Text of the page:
Li F, Fisher KJ, harmer P, McAuley E. Delineating the impact of tai chi training on physical function among the elderly. Am J Prev Med. 2002;23(2 Suppl):92-97.

Li F, Harmer P, McAuley E, et al. An evaluation of the effects of Tai Chi exercise on physical function among older persons: a randomized controlled trial. Ann Behav Med. 2001;23(2):139-146.

Li JX, Hong Y, Chan KM. Tai chi: physiological characteristics and beneficial effects on health. Br J Sports Med. 2001;35(3):148-156.

LoBuono C, Pinkowish MD. Moderate exercise, tai chi improve BP in older adults. Patient Care. 1999;33(18):230.

Lumsden DB, Baccala A, Martire J. T'ai chi for osteoarthritis: an introduction for primary-care physicians. Geriatrics. 1998;53(2):84-87.

Novey DW, ed. Clinician's Complete Reference to Complementary/Alternative Medicine. St. Louis, Mo: Mosby; 2000:219-230.

Qin L, Au S, Choy W, et al. Regular Tai Chi Chuan exercise may retard bone loss in postmenopausal women: A case-control study. Arch Phys Med Rehabil. 2002;83(10):1355-1359.

Pelletier KR. The Best Alternative Medicine: What Works? What Does Not? New York, NY: Simon & Schuster; 2000:78-79.

Rappaport J. Muscle and meditation: the ancient art of tai chi builds strength—and serenity—in a few minutes a day. Natural Health. 1997;27(2):104-110.

Sifton DW, ed. The PDR Family Guide to Natural Medicines and Healing Therapies. New York, NY: Three Rivers Press; 1999:151-153.

Taggart HM. Effects of Tai Chi exercise on balance, functional mobility, and fear of falling among older women. Appl Nurs Res. 2002;15(4):235-242.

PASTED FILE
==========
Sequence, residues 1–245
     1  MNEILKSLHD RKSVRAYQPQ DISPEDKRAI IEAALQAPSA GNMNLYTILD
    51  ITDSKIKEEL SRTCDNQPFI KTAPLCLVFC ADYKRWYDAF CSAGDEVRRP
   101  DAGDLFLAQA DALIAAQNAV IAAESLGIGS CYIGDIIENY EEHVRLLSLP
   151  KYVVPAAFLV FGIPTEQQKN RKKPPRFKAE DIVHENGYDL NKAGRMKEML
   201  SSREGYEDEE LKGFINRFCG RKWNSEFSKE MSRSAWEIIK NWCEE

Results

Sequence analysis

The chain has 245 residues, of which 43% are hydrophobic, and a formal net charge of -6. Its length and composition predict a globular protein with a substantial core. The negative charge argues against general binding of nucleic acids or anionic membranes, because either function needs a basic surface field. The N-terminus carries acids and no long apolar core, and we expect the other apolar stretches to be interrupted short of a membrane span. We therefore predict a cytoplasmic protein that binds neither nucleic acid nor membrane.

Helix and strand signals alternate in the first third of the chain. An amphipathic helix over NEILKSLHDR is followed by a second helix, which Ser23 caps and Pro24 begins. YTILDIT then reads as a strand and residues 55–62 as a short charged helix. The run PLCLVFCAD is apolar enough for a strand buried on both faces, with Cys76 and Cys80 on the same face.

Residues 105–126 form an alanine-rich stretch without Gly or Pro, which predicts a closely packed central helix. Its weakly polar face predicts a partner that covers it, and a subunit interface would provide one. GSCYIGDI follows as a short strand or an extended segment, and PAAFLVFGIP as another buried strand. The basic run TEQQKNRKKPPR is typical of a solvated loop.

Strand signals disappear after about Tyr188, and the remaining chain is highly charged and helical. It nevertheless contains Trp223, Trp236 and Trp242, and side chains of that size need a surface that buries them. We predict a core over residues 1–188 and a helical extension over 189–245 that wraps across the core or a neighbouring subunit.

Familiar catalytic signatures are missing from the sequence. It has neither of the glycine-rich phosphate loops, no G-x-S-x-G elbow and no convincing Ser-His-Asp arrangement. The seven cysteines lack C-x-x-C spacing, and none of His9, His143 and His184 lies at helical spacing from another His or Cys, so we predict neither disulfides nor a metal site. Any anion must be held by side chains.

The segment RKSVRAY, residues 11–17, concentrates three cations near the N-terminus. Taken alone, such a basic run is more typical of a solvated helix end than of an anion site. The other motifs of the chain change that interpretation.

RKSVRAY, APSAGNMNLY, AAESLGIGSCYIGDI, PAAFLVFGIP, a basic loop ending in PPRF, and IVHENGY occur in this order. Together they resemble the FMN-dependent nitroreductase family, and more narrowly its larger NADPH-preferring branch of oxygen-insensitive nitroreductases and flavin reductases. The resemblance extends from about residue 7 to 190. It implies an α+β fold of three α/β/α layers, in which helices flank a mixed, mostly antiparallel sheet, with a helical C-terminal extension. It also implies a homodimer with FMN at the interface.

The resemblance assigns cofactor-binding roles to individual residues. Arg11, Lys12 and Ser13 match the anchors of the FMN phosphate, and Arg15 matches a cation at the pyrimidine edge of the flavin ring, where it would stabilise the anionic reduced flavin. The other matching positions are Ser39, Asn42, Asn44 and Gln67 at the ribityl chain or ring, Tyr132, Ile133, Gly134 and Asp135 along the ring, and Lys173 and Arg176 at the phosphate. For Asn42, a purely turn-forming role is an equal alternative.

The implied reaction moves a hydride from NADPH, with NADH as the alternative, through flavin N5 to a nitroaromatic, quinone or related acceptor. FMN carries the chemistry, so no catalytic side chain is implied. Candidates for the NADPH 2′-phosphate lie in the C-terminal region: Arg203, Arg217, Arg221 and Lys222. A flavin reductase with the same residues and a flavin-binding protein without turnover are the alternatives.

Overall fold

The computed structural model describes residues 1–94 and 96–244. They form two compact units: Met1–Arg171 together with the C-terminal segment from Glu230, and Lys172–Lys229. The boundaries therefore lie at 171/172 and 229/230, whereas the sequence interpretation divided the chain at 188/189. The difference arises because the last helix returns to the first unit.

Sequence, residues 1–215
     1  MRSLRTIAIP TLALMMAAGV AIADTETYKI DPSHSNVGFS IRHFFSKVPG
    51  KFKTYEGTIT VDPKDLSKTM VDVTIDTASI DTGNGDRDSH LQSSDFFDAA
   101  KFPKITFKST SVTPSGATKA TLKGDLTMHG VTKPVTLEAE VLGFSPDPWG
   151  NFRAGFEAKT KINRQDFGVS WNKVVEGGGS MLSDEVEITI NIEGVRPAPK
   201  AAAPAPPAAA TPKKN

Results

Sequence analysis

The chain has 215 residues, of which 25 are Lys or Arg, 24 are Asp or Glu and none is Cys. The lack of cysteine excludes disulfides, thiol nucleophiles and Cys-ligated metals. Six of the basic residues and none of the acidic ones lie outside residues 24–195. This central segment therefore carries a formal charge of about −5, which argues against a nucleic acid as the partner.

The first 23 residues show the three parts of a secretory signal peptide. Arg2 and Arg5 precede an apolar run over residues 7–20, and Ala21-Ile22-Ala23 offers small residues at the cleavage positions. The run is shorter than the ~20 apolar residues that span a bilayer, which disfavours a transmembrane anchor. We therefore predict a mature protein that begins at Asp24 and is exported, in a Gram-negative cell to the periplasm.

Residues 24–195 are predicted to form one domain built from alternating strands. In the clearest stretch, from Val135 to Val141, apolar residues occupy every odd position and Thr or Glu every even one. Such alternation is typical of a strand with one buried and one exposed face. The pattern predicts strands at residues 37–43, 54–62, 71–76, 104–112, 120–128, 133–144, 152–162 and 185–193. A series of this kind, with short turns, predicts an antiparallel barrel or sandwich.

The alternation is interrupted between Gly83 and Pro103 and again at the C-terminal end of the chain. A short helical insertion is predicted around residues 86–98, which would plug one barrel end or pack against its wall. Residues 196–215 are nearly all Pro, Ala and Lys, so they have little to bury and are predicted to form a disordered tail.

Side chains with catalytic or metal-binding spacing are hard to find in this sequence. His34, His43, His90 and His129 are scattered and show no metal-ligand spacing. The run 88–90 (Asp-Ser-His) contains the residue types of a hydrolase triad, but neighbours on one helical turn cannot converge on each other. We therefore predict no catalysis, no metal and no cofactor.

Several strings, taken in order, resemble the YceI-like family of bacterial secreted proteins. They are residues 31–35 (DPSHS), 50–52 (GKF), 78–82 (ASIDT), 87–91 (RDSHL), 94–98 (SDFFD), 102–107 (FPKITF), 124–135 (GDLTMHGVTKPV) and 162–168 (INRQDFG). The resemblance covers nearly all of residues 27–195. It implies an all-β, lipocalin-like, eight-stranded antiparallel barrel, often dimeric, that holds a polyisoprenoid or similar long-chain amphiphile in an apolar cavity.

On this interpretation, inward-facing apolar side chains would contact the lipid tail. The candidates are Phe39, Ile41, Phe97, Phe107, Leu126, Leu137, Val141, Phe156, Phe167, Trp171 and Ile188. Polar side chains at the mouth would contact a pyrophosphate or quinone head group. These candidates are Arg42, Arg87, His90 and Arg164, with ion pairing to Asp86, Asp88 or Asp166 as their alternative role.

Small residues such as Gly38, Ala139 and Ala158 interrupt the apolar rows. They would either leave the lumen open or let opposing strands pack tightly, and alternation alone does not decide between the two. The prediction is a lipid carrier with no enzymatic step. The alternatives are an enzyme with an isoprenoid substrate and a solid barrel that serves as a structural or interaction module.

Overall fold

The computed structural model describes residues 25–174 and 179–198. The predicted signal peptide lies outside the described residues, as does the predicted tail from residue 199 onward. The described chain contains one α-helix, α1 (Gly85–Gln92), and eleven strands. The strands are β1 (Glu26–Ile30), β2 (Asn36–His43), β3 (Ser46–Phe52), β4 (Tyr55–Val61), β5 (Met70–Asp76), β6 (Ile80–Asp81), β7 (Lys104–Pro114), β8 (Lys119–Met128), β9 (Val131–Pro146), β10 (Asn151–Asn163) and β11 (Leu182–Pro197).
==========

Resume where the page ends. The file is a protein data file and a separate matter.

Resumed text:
Wang JS, Lan C, Wong MK. Tai Chi Chuan training to enhance microcirculatory function in healthy elderly men.Arch Phys Med Rehabil .2001;82(9):1176-1180.

Ward J. Tai chi for older people. Nurs Older People. 2001;13(1):10-13.

Wolf SL, Barnhart HX, Kutner NG, McNeely E, Coogler CE, Xu T. Reducing frailty and falls in older persons: an investigation of Tai Chi and computerized balance training. Atlanta FICSIT Group. Frailty and Injuries: Cooperative Studies of Intervention Techniques. J Am Geriatr Soc. 1996;44(5):489-497.

Wolf SL, Sattin RW, O'Grady M, et al. A study design to investigate the effect of intense tai chi in reducing falls among older adults transitioning to frailty. Control Clin Trials. 2001;22(6):689-704.

Wong AM, Lin YC, Chou SW, Tang FR, Wong PY. Coordination exercise and postural stability in elderly people: Effect of tai chi chuan. Arch Phys Med Rehabil. 2001;82(5):608-612.

Wu G. Evaluation of the effectiveness of tai chi for improving balance and preventing falls in the older population - a review. J Am Geriatr Soc. 2002;50(4):746-754.

Yalden J, Chung L. Tai chi: towards an exercise program for the older person [review]. Aust J Holist Nurs. 2001;8(1):4-13.


Review Date: December 2002
Reviewed By: Jacqueline A. Hart, MD, Department of Internal Medicine, Newton-Wellesley Hospital, Boston, Ma and Senior Medical Editor A.D.A.M., Inc.; Lonnie Lee, MD, Internal Medicine, Silver Springs, MD.

Copyright © 2004 A.D.A.M., Inc

The publisher does not accept any responsibility for the accuracy of the information or the consequences arising from the application, use, or misuse of any of the information contained herein, including any injury and/or damage to any person or property as a matter of product liability, negligence, or otherwise. No warranty, expressed or implied, is made in regard to the contents of this material. No claims or endorsements are made for any drugs or compounds currently marketed or in investigative use. This material is not intended as a guide to self-medication. The reader is advised to discuss the information provided here with a doctor, pharmacist, nurse, or other authorized healthcare practitioner and to check product information (including package inserts) regarding dosage, precautions, warnings, interactions, and contraindications before administering any drug, herb, or supplement discussed herein.